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Discussion Starter #1
Hey all,

Based on the posts I read on this forum as well as the requests I get for my mic calibration services, I know that many of the posters here are very concerned about the low-frequency performance of their microphones and sound level meters.

I know that there is interest in calibrated mics, but I was wondering if there might also be an interest in a low-frequency calibration jig that folks can use to calibrate mics on their own?

The jig I'm thinking about would be similar to the one I use for low-freq mic calibrations, it's basically s small PVC chamber with a speaker inside. I would provide you with a cal curve for the speaker, you stick your mic into the appropriate hole and use your favorite measurement program (as long as you can use a cal curve) to measure the response of your mic from <5Hz up to 500Hz or so.

I'm thinking this would be priced in the $75-$100 range. And of course I'd probably have some intro priving for HTS members ;). I would include a cal curve with the unit, one free calibration and maybe ~$25 per cal check after that.

There are a lot of problems I would have to think through to make this viable for a consumer market and I would have to parts fabricated at a machine shop to make this work which is why this is purely in the "thinking about it" stage. But knowing if people were or were not interested in this would make the thinking go a lot easier.

So please, let me know your thoughts.
 

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I think you wind up with a situation similar to an episode of Monk. He has a level. He also has a calibrated level to check his other level. To be sure that is calibration level is correct, he sends it in to be recalibrated. Most of us just want to check frequencies and decay times and not open up a new area to be obsessive over. Actually, we'd rather live in ignorace as to how much our 3 year old testing mic has drifted than have the calibration rechecked. You may do well to promote regular retesting of our mics.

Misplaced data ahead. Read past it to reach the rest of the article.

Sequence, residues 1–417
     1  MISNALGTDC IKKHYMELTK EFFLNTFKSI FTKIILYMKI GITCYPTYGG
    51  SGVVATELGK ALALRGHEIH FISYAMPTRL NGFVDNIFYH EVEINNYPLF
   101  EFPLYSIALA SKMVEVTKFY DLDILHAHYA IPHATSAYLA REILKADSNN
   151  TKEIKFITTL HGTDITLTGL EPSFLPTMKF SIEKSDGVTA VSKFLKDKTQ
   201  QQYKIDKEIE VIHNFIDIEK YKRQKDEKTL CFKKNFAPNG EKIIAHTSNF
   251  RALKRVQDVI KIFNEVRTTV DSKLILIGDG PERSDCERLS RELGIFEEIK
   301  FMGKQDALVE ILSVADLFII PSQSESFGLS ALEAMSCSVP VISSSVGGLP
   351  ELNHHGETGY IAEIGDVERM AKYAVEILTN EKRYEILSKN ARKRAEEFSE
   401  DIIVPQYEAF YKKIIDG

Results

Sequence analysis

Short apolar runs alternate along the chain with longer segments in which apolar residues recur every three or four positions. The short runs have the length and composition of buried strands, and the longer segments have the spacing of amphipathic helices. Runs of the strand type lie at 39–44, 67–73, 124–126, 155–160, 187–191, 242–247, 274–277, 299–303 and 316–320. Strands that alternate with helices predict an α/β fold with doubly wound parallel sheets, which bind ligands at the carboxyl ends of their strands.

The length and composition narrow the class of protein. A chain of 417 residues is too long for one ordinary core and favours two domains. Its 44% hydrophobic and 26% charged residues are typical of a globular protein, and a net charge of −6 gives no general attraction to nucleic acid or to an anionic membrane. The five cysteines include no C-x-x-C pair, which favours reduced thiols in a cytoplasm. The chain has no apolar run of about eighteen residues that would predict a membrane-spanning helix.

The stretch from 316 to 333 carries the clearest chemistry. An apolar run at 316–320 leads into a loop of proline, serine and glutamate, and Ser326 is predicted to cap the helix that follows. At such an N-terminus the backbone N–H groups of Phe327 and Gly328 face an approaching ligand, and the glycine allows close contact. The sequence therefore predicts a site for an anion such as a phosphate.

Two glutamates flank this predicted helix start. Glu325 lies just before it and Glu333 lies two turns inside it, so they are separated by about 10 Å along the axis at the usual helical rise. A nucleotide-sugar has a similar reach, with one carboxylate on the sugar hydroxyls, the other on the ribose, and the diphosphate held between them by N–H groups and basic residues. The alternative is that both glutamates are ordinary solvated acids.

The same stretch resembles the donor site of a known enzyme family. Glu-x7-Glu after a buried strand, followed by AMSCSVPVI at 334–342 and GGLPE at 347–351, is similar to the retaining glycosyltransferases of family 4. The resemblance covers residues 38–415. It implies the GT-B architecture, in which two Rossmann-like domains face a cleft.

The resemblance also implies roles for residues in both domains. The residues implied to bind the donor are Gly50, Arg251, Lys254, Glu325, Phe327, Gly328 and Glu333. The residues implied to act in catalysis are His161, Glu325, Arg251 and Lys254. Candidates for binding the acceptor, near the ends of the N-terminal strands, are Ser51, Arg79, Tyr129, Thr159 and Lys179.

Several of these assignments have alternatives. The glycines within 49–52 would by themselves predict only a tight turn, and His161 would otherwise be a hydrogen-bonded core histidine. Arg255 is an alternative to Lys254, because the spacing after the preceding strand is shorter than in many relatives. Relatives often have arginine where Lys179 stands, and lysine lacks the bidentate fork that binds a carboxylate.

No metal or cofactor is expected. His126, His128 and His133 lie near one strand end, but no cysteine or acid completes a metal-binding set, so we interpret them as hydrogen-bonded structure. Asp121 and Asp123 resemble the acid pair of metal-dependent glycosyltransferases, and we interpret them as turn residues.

EDIT to add.....O.K., my obsessive behavior has me wonder about these mics drifting. Do they?
 

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I agree; with the home theater market 1db of difference is not enough to justify me spending the extra money.

Radioshack is plenty accurate for what I need.
 

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I think you wind up with a situation similar to an episode of Monk. He has a level. He also has a calibrated level to check his other level. To be sure that is calibration level is correct, he sends it in to be recalibrated. Most of us just want to check frequencies and decay times and not open up a new area to be obsessive over. Actually, we'd rather live in ignorace as to how much our 3 year old testing mic has drifted than have the calibration rechecked. You may do well to promote regular retesting of our mics.

EDIT to add.....O.K., my obsessive behavior has me wonder about these mics drifting. Do they?
Anyone who's a fan of Monk can't be wrong :)

I started thinking about it some more and while some of the issues I anticipated can be overcome, I'm not sure they can be overcome cheaply enough to make this a via product. So consider the question withdrawn. I'm just looking for ways to address DIY needs (and make money doing it!) ;)
 

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This whole concept gets me thinking about what is relative to what. If you have a mic calibrated to one company, just how much is the cal file going to differ to the next company. AND, exactly where does the reference come from, and based on WHO's theory.......
 

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That's the easy part - you just make everything along the chain eventually traceable to NIST and ANSI standards where everything is well defined.

The hard part is keeping things consistent over time.
 

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Those interested in building their own pressure chamber (only costs a few bucks) can download this article from the ARTA page. Ideally, you'd want a calibrated mic to compare to but, IF you can get everything perfectly sealed, the pressure will stay the same as frequency changes as long as you stay well below the resonance frequency of the chamber.

http://www.fesb.hr/~mateljan/arta/AppNotes/AP5_MikroMeasChamber-Rev03Eng.pdf

There are some other interesting articles there related to measurements.

http://www.fesb.hr/~mateljan/arta/support.htm
 

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It sounds interesting to me. Would it be valuable to build a test model, use two or three already calibrated mikes in it, and compare the values you get to the published specs? Then you'd know if the test jig was going to be reliably reproducible. (Try saying that three times fast.... :))
 
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